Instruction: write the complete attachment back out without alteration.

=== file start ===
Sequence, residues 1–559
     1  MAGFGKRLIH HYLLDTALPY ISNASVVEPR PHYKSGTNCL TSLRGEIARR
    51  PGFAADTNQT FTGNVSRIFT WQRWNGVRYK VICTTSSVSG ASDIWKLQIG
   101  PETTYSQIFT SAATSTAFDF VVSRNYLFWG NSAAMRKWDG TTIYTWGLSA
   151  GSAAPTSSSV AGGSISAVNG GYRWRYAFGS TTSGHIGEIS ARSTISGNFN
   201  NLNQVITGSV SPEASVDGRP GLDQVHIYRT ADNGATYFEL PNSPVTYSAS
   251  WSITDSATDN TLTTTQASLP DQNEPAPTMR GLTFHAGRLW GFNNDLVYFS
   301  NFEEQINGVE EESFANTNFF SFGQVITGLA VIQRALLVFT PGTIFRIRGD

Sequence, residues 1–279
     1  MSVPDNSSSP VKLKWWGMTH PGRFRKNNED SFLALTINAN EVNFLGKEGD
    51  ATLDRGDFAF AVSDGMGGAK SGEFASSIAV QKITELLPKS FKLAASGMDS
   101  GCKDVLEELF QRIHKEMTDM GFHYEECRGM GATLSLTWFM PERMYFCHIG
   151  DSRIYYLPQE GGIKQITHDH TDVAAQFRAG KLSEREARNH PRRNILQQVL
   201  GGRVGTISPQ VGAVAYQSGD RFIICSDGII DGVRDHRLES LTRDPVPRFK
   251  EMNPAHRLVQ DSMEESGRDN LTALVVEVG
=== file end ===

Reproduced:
Sequence, residues 1–559
     1  MAGFGKRLIH HYLLDTALPY ISNASVVEPR PHYKSGTNCL TSLRGEIARR
    51  PGFAADTNQT FTGNVSRIFT WQRWNGVRYK VICTTSSVSG ASDIWKLQIG
   101  PETTYSQIFT SAATSTAFDF VVSRNYLFWG NSAAMRKWDG TTIYTWGLSA
   151  GSAAPTSSSV AGGSISAVNG GYRWRYAFGS TTSGHIGEIS ARSTISGNFN
   201  NLNQVITGSV SPEASVDGRP GLDQVHIYRT ADNGATYFEL PNSPVTYSAS
   251  WSITDSATDN TLTTTQASLP DQNEPAPTMR GLTFHAGRLW GFNNDLVYFS
   301  NFEEQINGVE EESFANTNFF SFGQVITGLA VIQRALLVFT PGTIFRIRGD

Sequence, residues 1–279
     1  MSVPDNSSSP VKLKWWGMTH PGRFRKNNED SFLALTINAN EVNFLGKEGD
    51  ATLDRGDFAF AVSDGMGGAK SGEFASSIAV QKITELLPKS FKLAASGMDS
   101  GCKDVLEELF QRIHKEMTDM GFHYEECRGM GATLSLTWFM PERMYFCHIG
   151  DSRIYYLPQE GGIKQITHDH TDVAAQFRAG KLSEREARNH PRRNILQQVL
   201  GGRVGTISPQ VGAVAYQSGD RFIICSDGII DGVRDHRLES LTRDPVPRFK
   251  EMNPAHRLVQ DSMEESGRDN LTALVVEVG